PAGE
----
/ Modified jan 30, 2019 1:44 p.m.

Pentagon Sending 'Several Thousand' More Troops To US-Mexico Border

It comes weeks from a deadline from the White House over funding for a border wall.

Pentagon troops A soldier installs concertina wire along the border wall near the Dennis DeConcini Port of Entry in Nogales on Thursday, Nov. 15, 2018. A new deployment is expected to stretch an additional 150 miles of razor wire along the border.

The Pentagon announced Tuesday that it is deploying thousands more soldiers to the U.S.-Mexico border.

Officials told the House Armed Services Committee that the Pentagon had identified three new caravans of migrants traveling north through Latin America to the U.S. border. That includes one caravan of 12,000 people. And that’s driving this latest troop deployment.

Committee chair Democratic lawmaker Adam Smith not only expressed doubt about this mission, but also the past two deployments. "When are we going to be to the point where you can say we don’t need active duty troops," he asked Under Secretary of Defense for Policy John Rood.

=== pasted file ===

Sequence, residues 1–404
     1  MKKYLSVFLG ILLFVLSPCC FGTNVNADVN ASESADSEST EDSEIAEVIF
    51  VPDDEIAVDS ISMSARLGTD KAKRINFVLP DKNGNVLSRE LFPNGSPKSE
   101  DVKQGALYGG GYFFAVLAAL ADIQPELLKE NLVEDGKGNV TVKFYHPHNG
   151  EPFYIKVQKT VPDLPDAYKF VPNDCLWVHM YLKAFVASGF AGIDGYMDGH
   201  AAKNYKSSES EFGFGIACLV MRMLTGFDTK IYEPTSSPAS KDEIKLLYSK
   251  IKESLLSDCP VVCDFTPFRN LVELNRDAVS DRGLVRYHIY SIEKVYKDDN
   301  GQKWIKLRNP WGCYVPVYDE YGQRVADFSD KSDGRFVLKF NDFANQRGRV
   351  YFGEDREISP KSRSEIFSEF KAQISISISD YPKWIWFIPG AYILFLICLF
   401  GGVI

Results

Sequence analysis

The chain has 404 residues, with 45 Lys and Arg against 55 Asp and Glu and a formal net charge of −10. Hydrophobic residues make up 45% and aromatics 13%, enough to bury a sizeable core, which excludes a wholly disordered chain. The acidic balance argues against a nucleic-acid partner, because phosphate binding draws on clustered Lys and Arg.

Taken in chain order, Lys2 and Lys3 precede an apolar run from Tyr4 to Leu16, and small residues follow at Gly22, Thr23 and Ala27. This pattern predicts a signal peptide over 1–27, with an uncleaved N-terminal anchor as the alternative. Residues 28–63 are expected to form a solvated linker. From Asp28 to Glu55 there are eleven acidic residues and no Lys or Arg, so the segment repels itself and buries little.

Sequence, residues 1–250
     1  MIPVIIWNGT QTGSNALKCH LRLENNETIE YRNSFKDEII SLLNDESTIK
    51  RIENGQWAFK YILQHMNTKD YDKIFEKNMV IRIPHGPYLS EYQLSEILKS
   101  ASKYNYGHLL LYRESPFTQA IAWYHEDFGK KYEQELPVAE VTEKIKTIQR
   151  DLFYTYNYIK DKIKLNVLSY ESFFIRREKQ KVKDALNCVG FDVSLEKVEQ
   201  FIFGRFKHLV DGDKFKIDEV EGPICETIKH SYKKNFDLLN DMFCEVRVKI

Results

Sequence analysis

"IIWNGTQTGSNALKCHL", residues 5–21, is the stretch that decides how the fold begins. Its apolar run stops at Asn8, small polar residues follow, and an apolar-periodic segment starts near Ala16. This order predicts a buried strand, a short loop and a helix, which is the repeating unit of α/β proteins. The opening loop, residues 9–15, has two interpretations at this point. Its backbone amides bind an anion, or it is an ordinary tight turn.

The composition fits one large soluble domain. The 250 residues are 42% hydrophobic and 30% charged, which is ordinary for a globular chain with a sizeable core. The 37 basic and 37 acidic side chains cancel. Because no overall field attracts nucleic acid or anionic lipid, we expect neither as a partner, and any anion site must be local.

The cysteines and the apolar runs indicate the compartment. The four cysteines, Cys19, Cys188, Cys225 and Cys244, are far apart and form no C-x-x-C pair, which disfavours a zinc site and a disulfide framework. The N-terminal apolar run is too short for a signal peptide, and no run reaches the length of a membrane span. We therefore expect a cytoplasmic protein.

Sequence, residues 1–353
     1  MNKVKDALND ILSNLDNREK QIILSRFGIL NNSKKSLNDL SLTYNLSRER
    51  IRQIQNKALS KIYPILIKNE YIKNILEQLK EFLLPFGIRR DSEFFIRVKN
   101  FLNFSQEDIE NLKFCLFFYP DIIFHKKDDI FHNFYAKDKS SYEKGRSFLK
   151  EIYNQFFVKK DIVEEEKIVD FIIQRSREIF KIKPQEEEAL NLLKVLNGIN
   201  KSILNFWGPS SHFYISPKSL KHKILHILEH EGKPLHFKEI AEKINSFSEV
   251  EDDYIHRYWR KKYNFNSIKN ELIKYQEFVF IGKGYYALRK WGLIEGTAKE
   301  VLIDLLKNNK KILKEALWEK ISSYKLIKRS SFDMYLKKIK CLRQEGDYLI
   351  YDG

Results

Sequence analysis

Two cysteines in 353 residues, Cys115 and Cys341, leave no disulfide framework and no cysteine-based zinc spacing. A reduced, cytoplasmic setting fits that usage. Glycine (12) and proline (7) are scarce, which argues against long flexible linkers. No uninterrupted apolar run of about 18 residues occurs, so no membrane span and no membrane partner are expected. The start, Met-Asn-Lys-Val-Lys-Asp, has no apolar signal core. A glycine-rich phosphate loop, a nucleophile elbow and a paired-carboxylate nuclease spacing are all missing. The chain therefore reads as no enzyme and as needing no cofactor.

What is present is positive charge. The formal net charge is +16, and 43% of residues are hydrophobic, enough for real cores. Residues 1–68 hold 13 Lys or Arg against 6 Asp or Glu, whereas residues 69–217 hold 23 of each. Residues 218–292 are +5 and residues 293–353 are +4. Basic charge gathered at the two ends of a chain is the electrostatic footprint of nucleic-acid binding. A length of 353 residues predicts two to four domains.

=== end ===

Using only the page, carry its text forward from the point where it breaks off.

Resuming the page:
"We look across the total force, active reserve and national guard to determine what is the right mix and appropriateness of the force to respond and that is where the decision is made in terms of the timeliness," Rood said.

Smith interrupted, "Got it, so you don’t really know."

Soldiers deployed last fall under Operation Secure Line installed 70 miles of razor wire along ports of entry into the U.S., meaning mostly well within downtown border cities.

The new mission joins about 4,500 National Guard and active duty troops already deployed, and this domestic deployment is supposed to be funded through Sept. 30, the end of the fiscal year.

It comes just weeks ahead of a deadline President Donald Trump gave Congress to come up with funding for 234 miles of border wall, risk a new government shutdown or face an executive action taken on the border to skirt Congress altogether.

Fronteras Desk
This story is from the Fronteras Desk, a collaboration of Southwestern public radio stations, including NPR 89.1. Read more from the Fronteras Desk.
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